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Terns and turtles: A short holiday in Con Dao


Great Crested Terns
Great Crested Terns
Jonathan Eames, Dinh Thi Hoa, my wife Lan, daughter Carmen and me, Richard Craik, had a short holiday on Con Dao Island from 10th to 14th July. A typical holiday for us really, a mix of family fun (the swimming pool and trampoline at the resort provided most of this), sweaty games of tennis on hot, sticky afternoons and morning birding trips.

On our first afternoon there we met up with the very helpful Ms Thuy from Con Dao National Park. Through her we made arrangements to hire a speedboat for a morning at Trung Island on 11th July and another trip on the 13th and 14th to Troc and Tre Nho islands and Bay Canh Island where we would overnight to watch the Green Turtles egg-laying on the beach. Fortunately the speedboat was already booked for the morning of 12th July so I could enjoy a lay-in after staying up till four in the morning to watch the World Cup Final.

Approaching Trung Island just after 7.30 in the morning we could see that Bridled Terns made up the majority of the birds circling above the small egg-shaped island along with smaller numbers of Great Crested and Roseate terns. In nooks and crannies at lower levels Brown Noddy and Brown Booby were nesting. We had not been able to get onto Trung Island on earlier trips to Con Dao but this time we were to be luckier as the calm sea conditions meant the speedboat could briefly get close enough for us to hop onto the slippery barnacle encrusted rocks. Mind you, that was the easy bit! We now had to scramble up the sheer jagged rocks to reach the nesting terns near the top of the island.

Con Lu's casuarina and polystyrene habitat
The sheer jagged rocks of Trung Island
Not having the best head for heights I called it a day around 10 metres below the summit and settled into a nice shady spot while Jonathan clambered up to the top to photograph the nesting birds close up. After an hour or so watching terns wheeling around our heads it was time to scramble back down to the boat and rescue the womenfolk who were by now beginning to turn varying shades of green as the speedboat bobbed around offshore.



On the morning of the 13th we boarded the speedboat loaded down with our provisions for the next 24 hours and headed for Tre Nho via Troc Island. There was not a lot happening on Troc Island but we did get some nice looks at a group of Black-naped Terns including at least one recently fledged young bird as we passed close by the island.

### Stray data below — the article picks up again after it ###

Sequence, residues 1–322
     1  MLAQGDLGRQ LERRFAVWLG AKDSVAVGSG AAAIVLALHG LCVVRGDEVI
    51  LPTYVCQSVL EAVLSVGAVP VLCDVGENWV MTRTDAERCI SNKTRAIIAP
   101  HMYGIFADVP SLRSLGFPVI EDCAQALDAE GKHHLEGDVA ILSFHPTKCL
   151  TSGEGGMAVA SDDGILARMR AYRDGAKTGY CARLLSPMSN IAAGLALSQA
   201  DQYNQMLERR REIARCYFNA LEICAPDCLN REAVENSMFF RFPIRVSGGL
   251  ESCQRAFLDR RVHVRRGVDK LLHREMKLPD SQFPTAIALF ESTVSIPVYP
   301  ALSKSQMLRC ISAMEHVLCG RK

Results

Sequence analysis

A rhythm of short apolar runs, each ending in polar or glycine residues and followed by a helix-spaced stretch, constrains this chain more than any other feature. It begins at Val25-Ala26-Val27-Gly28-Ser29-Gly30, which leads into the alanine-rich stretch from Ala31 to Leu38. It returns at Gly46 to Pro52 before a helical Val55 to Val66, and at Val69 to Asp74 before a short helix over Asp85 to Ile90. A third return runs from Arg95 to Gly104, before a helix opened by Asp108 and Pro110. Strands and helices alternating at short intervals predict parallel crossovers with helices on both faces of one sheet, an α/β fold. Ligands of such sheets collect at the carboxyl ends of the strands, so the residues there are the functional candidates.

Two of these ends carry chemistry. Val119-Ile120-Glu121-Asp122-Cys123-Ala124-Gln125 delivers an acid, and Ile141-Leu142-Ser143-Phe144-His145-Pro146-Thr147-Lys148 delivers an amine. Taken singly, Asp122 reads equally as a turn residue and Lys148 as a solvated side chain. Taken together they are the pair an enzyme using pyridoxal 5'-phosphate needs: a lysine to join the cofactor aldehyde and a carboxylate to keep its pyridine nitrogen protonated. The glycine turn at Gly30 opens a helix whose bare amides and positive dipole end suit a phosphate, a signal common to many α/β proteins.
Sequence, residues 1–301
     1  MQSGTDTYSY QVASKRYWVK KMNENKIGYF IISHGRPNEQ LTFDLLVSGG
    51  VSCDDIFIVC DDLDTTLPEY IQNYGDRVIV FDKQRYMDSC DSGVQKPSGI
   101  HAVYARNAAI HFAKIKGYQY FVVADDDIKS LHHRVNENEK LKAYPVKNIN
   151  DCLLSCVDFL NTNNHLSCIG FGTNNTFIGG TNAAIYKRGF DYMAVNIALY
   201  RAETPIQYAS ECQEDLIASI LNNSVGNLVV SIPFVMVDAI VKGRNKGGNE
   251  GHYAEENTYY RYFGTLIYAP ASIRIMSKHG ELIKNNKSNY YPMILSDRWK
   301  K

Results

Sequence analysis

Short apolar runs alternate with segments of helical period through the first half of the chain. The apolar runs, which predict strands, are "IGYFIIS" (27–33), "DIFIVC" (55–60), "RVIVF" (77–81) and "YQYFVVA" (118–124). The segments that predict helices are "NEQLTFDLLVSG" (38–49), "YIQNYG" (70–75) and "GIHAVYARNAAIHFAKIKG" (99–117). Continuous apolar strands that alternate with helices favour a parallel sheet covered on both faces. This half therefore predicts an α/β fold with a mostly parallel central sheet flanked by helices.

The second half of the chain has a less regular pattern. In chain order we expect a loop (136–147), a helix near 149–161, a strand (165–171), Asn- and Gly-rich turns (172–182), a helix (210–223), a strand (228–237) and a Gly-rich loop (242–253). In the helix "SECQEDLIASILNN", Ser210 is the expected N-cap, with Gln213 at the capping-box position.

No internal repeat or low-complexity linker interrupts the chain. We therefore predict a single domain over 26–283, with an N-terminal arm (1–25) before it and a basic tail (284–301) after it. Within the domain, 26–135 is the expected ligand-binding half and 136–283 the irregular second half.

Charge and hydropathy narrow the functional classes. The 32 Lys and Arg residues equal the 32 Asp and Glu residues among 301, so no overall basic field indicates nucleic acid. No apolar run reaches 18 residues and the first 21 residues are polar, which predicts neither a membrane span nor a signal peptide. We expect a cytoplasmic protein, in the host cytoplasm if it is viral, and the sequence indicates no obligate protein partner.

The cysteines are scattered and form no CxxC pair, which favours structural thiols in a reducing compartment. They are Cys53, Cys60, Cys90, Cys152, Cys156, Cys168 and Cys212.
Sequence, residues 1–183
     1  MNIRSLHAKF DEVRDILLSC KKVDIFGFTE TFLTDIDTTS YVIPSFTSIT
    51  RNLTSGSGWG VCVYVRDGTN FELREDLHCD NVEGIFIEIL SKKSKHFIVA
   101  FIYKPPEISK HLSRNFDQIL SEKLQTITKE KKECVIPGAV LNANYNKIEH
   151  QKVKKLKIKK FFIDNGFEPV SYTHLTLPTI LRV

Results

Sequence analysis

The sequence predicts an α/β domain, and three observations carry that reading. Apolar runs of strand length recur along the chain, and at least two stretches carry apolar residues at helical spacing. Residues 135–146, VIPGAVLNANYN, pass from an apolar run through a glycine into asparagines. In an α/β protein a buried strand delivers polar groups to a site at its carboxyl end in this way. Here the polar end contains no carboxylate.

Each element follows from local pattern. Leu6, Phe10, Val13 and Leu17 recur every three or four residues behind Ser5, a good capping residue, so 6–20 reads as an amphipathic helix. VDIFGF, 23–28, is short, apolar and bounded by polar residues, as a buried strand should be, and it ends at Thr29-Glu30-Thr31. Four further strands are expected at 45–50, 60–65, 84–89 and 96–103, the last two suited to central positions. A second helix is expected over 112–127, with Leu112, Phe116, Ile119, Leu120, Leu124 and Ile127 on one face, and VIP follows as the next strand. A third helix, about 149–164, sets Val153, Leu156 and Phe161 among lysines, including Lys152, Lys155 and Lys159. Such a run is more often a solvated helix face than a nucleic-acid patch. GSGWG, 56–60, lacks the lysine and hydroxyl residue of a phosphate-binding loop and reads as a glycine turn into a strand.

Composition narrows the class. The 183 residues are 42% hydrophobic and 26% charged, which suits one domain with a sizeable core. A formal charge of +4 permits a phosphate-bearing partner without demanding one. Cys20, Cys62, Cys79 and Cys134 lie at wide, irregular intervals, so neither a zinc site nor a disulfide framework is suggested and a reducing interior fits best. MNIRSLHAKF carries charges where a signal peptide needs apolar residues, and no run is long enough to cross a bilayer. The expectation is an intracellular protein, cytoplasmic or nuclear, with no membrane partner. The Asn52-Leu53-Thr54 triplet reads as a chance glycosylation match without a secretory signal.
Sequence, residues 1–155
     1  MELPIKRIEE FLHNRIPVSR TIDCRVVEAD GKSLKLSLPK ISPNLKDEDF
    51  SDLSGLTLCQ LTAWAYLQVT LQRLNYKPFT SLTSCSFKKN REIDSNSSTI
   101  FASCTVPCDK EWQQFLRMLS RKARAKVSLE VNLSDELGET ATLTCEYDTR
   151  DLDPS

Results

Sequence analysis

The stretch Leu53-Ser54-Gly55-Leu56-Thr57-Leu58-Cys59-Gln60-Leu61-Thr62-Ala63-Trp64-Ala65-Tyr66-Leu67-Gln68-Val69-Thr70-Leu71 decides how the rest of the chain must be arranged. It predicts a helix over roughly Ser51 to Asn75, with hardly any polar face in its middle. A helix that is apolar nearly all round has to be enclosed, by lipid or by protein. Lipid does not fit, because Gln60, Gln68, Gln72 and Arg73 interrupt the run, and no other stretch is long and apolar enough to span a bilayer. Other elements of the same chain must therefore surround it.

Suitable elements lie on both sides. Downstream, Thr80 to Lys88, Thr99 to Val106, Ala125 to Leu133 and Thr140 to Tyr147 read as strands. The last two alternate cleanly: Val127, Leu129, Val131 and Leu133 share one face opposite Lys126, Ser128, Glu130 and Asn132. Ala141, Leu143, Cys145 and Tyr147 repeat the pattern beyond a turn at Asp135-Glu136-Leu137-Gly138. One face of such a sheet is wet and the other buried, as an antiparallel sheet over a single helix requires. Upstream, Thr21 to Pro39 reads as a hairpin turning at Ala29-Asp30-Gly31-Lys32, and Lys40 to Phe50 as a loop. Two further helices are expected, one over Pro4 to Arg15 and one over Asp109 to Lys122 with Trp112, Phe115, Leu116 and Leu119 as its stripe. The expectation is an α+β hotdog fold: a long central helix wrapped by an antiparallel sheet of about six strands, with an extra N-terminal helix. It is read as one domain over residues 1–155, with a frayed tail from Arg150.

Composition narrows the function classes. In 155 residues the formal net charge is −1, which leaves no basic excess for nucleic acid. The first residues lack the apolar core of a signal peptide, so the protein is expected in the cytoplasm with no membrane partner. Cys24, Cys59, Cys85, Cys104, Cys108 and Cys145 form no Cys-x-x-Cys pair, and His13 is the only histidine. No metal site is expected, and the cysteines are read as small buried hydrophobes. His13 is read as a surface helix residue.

Orange-headed Thrush
Roseate Terns on Trung Island
Continuing to Tre Nho we disembarked with our bottles of water, banh mi pate and oranges to spend the morning searching for the extremely elusive Nicobar Pigeon. We had failed to find the little bugger on previous trips to Con Dao and after a hot and sweaty morning scouring Tre Nho we were to fail again this time. What we did discover though was that Tre Nho has to be the easiest place in the world to see Mangrove Whistler, which was literally everywhere on this tiny little island. A couple of "pishes" would bring the inquisitive little whistlers in from every direction. So, no Nicobars on Tre Nho this time but there were Pied Imperial-pigeons, a few Emerald Doves, plenty of White-rumped Shamas and a small colony of Bridled Terns on the rocky cliffs.

A Birding Bonanza in the Red River Delta
Green Turtle heading out to sea
In the afternoon we continued to the much larger Bay Canh were we searched in vain once more for Nicobar Pigeon and after a swim and an early dinner we set the alarm for two o'clock and hit the sack. Well, hard wooden beds actually, a sack would have been sheer luxury. Up at two, we only had to wait thirty minutes or so before the first Green Turtle hauled itself up the beach and started to dig a hole in the sandy beach. By five o’clock we had watched eleven Green Turtles lay their eggs before disappearing back into the moonlit ocean. And we disappeared back to Con Dao Island before our speedboat moored nearby was left high and dry by the fast receding tide.

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